Dec 14, 2015
Greeks. Greeks. Greeks.
Recently, an officer in Florida State’s Panhellenic Association told me, “Oh my gosh, thank you guys so much! This is awesome!” It’s not every day that a college minister gets to have a conversation like that. But it is becoming increasingly common for us.
Our growing relationship with Greek Life at FSU didn’t happen overnight. But over the last few years, we have seen God open doors for us among a large group of students who are often written off by the church.
I don’t personally have much a Greek background. Up until a couple years ago, my biggest piece of street cred in the Greek scene was marrying a former member of Gamma Phi Beta. But for the last five years, I have actively reengaged FSU’s campus, allowing our church and college ministry to become recognizable again. About a third of my efforts at FSU are collaborative with other campus ministries, and this has created an environment of mutual respect and trust with the university.
In the summer of 2013, a national representative of Beta Theta Pi contacted my pastor and I. He wanted us to help in an advisory role for the re-colonization of their chapter at FSU. We saw “God’s good, pleasing & perfect will” in a fraternity asking a Baptist pastor to be an advisor!
That fall, I began working alongside a group advisors that I respect. This fraternity is headed in the direction that many universities hope their houses are moving toward: highest GPA on campus, involved regularly in student and community life, a good reputation among the sororities, and they care deeply about one another.
Involvement doesn’t always manifest itself in influence though, especially as it relates to the Gospel. As many people have rightly noted, “the trouble with relational evangelism is that it focuses so much on relationships that it never gets to evangelism.” Those words are a filter for me as I spend time and resources in serving Greeks.
God gives gospel influence to churches and campus ministries, so that we can reach our colleges and universities. I believe that Greeks are one of the most plentiful harvests yet to be reached on many of our campuses. Many in the current generation of college students—including Greeks—have never personally heard the Gospel.
With that in mind, let me share a few ideas with you that you can take and contextualize for reaching Greek students in your city.
1. Go to them & invite them to something.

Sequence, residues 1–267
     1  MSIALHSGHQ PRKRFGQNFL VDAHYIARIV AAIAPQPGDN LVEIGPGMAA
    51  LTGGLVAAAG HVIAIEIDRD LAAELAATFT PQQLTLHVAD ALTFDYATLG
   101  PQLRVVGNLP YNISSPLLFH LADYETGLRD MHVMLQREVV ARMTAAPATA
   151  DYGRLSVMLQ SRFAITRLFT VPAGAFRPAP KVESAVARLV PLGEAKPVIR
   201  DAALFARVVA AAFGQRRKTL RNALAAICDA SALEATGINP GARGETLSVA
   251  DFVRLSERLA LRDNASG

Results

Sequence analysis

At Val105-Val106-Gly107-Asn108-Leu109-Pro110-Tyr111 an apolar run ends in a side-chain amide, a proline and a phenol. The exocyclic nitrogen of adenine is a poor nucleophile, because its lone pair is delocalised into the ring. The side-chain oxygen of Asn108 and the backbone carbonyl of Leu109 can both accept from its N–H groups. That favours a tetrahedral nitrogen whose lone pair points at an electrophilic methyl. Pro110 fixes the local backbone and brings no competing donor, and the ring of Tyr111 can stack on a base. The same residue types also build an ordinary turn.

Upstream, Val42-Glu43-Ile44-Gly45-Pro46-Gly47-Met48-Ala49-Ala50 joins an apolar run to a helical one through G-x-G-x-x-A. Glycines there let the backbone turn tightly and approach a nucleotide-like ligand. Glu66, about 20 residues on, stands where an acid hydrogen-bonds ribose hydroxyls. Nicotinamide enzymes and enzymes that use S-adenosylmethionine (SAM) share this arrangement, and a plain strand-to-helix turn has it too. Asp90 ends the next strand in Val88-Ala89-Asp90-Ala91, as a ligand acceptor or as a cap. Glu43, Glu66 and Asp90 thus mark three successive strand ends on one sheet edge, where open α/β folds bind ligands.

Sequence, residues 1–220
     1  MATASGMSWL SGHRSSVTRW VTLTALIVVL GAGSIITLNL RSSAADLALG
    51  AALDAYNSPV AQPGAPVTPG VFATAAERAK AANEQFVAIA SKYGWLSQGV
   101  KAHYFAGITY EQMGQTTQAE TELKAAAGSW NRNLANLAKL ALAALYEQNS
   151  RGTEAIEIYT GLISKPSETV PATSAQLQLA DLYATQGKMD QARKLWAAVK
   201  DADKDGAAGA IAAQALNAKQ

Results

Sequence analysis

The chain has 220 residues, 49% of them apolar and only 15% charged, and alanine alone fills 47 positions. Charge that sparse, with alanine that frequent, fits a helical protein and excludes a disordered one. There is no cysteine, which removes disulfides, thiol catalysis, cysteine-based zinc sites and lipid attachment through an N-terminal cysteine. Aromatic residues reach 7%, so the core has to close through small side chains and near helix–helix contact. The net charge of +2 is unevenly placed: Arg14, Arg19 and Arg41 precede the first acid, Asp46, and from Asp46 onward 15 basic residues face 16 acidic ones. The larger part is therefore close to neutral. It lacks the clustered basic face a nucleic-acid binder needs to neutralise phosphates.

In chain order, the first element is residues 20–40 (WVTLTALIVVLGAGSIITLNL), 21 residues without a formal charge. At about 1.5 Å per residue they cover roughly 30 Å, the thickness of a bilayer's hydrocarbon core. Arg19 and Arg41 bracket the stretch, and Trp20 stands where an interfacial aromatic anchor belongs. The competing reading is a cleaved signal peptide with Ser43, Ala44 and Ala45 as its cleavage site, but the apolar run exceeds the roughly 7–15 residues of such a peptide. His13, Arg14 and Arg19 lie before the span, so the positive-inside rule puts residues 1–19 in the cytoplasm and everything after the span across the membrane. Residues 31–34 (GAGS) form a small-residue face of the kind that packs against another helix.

The internet is wonderful & advertising in the school newspaper is great, but face-to-face and word-of-mouth is where it’s at. Even if it is only inviting Greek students to your Sunday Bible study and worship service…go to their house and ask them yourself! A couple of years ago I went to each house on campus with flyers, and personally invited the brother or sister who answered the door to church and a lunch. I was welcomed at every house, and had great conversations with the guys and girls who answered the door. On a half dozen occasions, I had a student tell me, “We’ve never been invited to anything by a church, thank you very much.”
2. Offer your facilities to them.
Each semester, houses are looking for space to use for initiation and induction ceremonies, recruitment workshops, alumni events, and educational space. One of the great assets that many churches & campus ministries have to offer is space. Opening up space to these outside groups could be a huge step toward building a bridge with a house (or houses). Do your due diligence by making sure they aren’t doing anything inappropriate, but many of these chapters have a history of Christian influence as part of their rituals.
3. Meet your Greek Life Office & ask them how you can help.
Could you staff a couple coolers during sorority recruitment or fraternity rush, and offer cold water to students who are visiting houses in the heat and humidity? If they need extra hands, stuff PNM (Potential New Members) bags with literature, or help with registration check in or early move in. Your hands and feet are an invaluable resource, and allow you to be present during crucial times of year.
4. Leverage the alumni relations in your church.
Chances are you have Greek alumni in your network that can help you make connections. These alumni can communicate with their houses, and share invites from your church or campus ministry at chapter meetings. We held a Greek lunch several years ago, and alumni members from our church served as table hosts for the girls and guys who came from their house. The opportunity for our members to help our college ministry reach a group they were fond of was a huge win for our church as a whole.
5. Connect Greek students to other adults.
Especially those who have experience in the vocation those students are majoring in. There were a couple students involved in Beta who wanted to pursue a career in Sports Management. It just so happened that two of my good friends currently work in that field & hire college interns each semester. Getting the five of us together for lunch led to valuable advice the students needed to hear. Networking in most sororities and fraternities is a huge priority. The church provides a natural network of people from all walks of life and vocations, and this could be an asset when trying to reach Greek students.
Reaching Greeks can be a scary and thankless job sometimes, and we don’t do it perfectly here in Tallahassee. But we believe that God wants to do something significant with this group of students. Too often, we’ve assumed Greeks want nothing to do with Jesus and his Church, but these men & women will surprise you with their honesty and interest in many of the things that you hold dear. Yes, they are super busy and a little rough around the edges, but that doesn’t excuse us from going after some of the most influential students on campus.
How can you prayerfully invest ideas, resources, relationships in Greek Life at your school?